The Schism of '68

Catholicism, Contraception and Humanae Vitae in Europe, 1945-1975

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Alana Harris
  • London, England: 
    Palgrave Macmillan
    , March
     377 pages.
     For other formats: Link to Publisher's Website.
Review coming soon!

Review by Niklas Schleicher forthcoming.


This volume explores the critical reactions and dissenting activism generated in the summer of 1968 when Pope Paul VI promulgated his much-anticipated and hugely divisive encyclical, Humanae Vitae, which banned the use of  ‘artificial contraception’ by Catholics. Through comparative case studies of fourteen different European countries, it offers a wealth of new data about the lived religious beliefs and practices of ordinary people – as well as theologians interrogating ‘traditional teachings’ – in areas relating to love, marriage, family life, gender roles and marital intimacy. Key themes include the role of medical experts, the media, the strategies of progressive Catholic clergy and laity, and the critical part played by hugely differing Church-State relations. In demonstrating the Catholic Church’s important (and overlooked) contribution to the refashioning of the sexual landscape of post-war Europe, it makes a critical intervention into a growing historiography exploring the 1960s and offers a close interrogation of one strand of religious change in this tumultuous decade.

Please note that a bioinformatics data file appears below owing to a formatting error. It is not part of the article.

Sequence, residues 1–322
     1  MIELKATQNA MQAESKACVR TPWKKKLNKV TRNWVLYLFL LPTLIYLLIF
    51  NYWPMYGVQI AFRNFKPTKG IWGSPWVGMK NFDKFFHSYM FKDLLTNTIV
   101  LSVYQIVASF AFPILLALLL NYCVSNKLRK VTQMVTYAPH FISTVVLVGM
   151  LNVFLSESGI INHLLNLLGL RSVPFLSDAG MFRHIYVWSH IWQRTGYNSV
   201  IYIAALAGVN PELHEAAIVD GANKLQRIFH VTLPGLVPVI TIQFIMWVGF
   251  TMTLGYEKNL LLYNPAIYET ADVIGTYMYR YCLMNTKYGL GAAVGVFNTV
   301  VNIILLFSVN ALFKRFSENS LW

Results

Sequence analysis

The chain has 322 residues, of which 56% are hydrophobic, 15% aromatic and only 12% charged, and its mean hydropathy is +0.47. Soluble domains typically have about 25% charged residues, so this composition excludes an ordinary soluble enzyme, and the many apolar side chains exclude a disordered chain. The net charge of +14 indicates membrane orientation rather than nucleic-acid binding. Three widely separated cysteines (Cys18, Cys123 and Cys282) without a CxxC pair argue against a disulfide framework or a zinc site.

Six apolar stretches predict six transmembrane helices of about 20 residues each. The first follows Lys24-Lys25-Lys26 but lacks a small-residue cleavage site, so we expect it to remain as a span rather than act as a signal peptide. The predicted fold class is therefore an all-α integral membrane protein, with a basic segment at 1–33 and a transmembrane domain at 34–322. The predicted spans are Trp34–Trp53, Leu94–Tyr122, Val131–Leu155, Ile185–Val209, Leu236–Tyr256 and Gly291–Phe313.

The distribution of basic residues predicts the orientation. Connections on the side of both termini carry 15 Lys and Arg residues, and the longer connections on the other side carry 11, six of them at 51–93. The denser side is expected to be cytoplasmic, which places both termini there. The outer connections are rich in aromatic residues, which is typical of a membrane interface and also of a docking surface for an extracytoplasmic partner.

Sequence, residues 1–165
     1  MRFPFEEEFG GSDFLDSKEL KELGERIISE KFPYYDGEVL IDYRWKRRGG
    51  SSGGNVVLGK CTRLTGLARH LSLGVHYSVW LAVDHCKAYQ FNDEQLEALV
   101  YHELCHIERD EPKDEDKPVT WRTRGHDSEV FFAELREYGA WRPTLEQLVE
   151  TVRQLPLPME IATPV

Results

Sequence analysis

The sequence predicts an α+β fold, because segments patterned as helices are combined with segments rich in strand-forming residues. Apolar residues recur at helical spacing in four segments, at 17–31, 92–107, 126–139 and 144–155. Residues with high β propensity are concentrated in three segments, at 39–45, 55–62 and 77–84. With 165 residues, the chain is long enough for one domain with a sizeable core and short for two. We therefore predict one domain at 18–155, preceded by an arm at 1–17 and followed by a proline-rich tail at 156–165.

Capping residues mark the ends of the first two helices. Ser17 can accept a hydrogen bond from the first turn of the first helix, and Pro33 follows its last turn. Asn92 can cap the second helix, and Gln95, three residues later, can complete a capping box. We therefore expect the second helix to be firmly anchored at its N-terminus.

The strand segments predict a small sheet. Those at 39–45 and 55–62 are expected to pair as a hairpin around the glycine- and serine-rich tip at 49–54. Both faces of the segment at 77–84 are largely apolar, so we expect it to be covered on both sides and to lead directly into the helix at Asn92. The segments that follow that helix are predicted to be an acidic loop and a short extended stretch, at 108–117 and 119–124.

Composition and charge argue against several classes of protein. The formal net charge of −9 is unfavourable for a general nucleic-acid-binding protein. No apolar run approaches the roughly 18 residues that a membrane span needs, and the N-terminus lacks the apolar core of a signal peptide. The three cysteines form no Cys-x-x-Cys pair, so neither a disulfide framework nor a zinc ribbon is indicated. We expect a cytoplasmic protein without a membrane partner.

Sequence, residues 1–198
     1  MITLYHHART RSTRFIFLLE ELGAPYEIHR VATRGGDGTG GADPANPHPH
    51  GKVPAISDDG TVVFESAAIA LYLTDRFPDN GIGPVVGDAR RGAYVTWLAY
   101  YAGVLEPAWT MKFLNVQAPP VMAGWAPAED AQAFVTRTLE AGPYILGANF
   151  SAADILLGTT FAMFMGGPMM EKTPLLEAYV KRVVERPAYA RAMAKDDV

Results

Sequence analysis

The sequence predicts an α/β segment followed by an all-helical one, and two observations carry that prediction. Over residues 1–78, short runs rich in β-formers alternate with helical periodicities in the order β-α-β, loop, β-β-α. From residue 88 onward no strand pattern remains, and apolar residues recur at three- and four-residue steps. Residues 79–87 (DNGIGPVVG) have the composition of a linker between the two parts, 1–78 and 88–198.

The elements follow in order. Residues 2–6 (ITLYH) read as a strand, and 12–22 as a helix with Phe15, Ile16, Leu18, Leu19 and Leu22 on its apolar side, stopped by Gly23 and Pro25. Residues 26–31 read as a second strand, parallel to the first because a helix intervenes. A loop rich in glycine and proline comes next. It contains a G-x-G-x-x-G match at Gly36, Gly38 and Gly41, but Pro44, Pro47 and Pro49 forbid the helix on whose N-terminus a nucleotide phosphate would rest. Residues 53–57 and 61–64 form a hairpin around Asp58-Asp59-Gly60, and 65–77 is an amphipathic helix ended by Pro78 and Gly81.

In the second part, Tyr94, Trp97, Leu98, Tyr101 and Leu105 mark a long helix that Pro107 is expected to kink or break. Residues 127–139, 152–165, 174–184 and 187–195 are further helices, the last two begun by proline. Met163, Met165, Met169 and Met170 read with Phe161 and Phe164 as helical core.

About the Author(s)/Editor(s)/Translator(s): 

Alana Harris is Lecturer in Modern British History at King’s College London, UK. She has previously published Faith in the Family: A Lived Religious History of English Catholicism, 1945-1982 (2013) and Love and Romance in Britain, 1918-1970 (with Timothy W. Jones, Palgrave, 2014).


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